The feature of the bike ride that I most hope to hold onto and remember well took place on the flats of the second loop. After the descent and before the hills into Wilmington, I raced. Most of the day, most of every race I enter for that matter, is done according to pacing. I don’t expect to win so I’m not racing with all sorts of tactics. I rely on pace — I’d like to have a steady effort and be able to finish well.
After the right turn (at Upper Jay?) to stay on 9N, Andy passed me. We exchanged a hello and a few words and he rode on by. He was followed by a train of people. As the second and then the third person passed, I looked back to see a whole group riding single file. After a few seconds of thought, I jumped into the train about eight spots back.
I rode with these guys for about 40 minutes. I thought a lot about what was happening as we rode. My senses heightened. Adrenaline fired. Competitiveness inched into my mind and sparked the muscles as if to ignite a hidden reserve of energy. It was a peek, a window into what elite riders experience during these races. I got to experience what they mean when they talk about missing a break or not seeing when someone rides off the front because they were eight spots back.
I don’t think anyone in the group was trying to cheat. It was most definitely not a paceline. In a paceline, the effort is pretty steady from one minute to the next and the positions almost appear static. Moves are synchronized. We were riding in a series of surges and falling back. Moving up left past one, two, three bikes and then being passed and therefore having to give space. The positions were dynamic.
By my estimate, most of the bikes were not the four bike lengths apart called for by the rulebook. But, I think most of the time most of the bikes were at least three lengths apart. No one was riding a wheel. No one was working together to take turns at the front. If someone crept up on the guy in front of him, you’d see him pull off to the left to make sure to avoid the slipstream. There was a lot of juggling of the order of the riders. I rode everywhere from first back to last in the line. I noticed that Andy never dropped back further than third in the group and wondered if he knew the others, knew if they were in our age group and didn’t want to give up a place.
We were like fish all going the same direction in a river. Not a school of fish or flock of birds, there wasn’t the close quarters and coordination. It wasn’t so much a dance like you see in the peloton on television as a very quiet grudge match where everyone was watching to make sure everyone else didn’t get an unfair advantage and everyone pushed the pace just a fraction.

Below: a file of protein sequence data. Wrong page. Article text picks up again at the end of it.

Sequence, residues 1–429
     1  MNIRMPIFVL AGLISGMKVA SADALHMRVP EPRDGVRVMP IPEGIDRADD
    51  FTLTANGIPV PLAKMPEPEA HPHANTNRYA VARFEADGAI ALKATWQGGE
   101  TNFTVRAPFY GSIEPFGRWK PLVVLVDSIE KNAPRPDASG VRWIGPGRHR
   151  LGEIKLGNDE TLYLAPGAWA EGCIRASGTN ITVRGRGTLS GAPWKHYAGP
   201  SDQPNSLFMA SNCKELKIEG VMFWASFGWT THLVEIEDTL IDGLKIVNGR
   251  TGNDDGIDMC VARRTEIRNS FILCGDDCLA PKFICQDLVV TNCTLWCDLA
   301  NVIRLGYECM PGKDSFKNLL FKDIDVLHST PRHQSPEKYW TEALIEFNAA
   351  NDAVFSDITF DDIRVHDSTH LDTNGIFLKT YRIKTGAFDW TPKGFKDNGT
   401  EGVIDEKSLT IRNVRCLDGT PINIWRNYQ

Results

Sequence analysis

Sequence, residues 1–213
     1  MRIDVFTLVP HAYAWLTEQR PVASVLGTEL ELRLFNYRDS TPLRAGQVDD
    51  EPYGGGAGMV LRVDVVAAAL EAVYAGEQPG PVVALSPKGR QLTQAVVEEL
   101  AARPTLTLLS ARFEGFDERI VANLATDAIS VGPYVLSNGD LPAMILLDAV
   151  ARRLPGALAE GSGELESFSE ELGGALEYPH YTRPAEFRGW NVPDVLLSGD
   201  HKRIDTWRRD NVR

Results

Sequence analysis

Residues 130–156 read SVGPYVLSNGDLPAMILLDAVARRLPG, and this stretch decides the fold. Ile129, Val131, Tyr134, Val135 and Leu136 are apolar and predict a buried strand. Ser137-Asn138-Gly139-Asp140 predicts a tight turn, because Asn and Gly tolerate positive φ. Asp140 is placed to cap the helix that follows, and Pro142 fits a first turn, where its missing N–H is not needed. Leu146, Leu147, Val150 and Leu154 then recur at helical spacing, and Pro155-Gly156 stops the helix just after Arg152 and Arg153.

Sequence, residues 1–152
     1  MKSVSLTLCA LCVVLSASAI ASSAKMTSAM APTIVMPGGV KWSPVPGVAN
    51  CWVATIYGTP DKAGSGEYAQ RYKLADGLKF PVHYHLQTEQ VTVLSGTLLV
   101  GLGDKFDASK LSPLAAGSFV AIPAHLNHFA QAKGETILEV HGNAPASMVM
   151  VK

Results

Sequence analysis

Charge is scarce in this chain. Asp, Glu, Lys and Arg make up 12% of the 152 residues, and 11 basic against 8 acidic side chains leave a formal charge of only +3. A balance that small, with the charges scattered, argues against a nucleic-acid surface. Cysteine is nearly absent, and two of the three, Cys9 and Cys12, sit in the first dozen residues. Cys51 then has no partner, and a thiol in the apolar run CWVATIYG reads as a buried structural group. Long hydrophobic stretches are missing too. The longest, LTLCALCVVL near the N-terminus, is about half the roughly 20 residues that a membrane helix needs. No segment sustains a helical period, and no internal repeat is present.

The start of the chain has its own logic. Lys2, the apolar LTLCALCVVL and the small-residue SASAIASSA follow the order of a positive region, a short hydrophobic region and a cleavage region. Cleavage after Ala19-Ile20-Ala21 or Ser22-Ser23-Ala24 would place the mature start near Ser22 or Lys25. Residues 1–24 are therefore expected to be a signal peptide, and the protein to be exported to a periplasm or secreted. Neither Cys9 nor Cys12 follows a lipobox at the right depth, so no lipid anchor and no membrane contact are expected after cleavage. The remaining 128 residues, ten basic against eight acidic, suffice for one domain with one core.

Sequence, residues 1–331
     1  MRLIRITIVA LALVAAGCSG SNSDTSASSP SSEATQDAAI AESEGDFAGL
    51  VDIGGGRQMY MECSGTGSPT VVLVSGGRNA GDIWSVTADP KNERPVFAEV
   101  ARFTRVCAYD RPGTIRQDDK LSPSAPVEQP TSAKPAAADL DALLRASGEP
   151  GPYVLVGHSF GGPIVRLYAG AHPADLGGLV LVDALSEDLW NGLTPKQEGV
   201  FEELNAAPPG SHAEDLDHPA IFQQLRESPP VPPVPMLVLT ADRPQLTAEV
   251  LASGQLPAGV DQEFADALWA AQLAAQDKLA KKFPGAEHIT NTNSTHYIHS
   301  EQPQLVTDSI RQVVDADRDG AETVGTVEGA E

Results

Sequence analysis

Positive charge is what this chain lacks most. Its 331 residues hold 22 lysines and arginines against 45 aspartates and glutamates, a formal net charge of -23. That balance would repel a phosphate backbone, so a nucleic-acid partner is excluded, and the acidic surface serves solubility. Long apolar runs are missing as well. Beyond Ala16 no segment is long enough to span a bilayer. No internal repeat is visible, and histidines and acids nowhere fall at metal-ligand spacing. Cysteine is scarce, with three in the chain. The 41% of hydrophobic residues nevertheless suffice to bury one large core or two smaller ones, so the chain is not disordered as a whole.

After riding down to the turn-around at Ausable Forks and about two-thirds of the way back to the aid station, it was time for me to take a gel and something to drink. In the time it took me to mess around with a gel from my shirt pocket, I slipped to the back of the line. Another 30 seconds fiddling around and I was spit out the back of the group and off the line by 50 meters. At this point, I sat up. I had been going well above my ability — I wasn’t uncomfortable but it was a pace that was unsustainable — for 40 minutes. We were approaching the big hills and I didn’t think I’d be able to keep up with the group as we climbed. And, importantly, I needed to pee. I let them go but it was like standing alone in the woods and seeing some beautiful wild animal and then being the first to turn and walk away. The ending of the moment, letting them ride off when I could have extended the experience was like breaking of a spell.
I’d never had a riding experience like that before. I was able to see it for what it was and was grateful. Then I proceeded to pee my bike and was doubly grateful because it relieved some pain that had been building in my back.
It was all a part of the day. It is hard to explain, to capture and remember the hundreds and thousands of moments that go into making an Ironman day. Not only is the day long, the scenery of 140 miles varied and then intensity of emotion heightened by exhaustion, but the race is an experience that presents the clarity of beauty, the exchange of a genuine kind act, the expression of a deeply felt and private emotion — fear, happiness, pride, — over and over and over, all day long, among thousands of people. It is amazing and can be overwhelming.
I let the swim go — with its disappointments and the anger that I had for all those people — as soon as I left the water. I didn’t stress about the wet roads and took bike course one section at a time. I went fast, I got passed, I ate, drank and soaked in as much of the crowd, gorgeous scenery and wonderful opportunity to do the race as I could.
And at every turn, an image or story would come to mind and I’d find myself saying, “I’m grateful.”
Next Post: The run, the after, hypothermia and ice cream.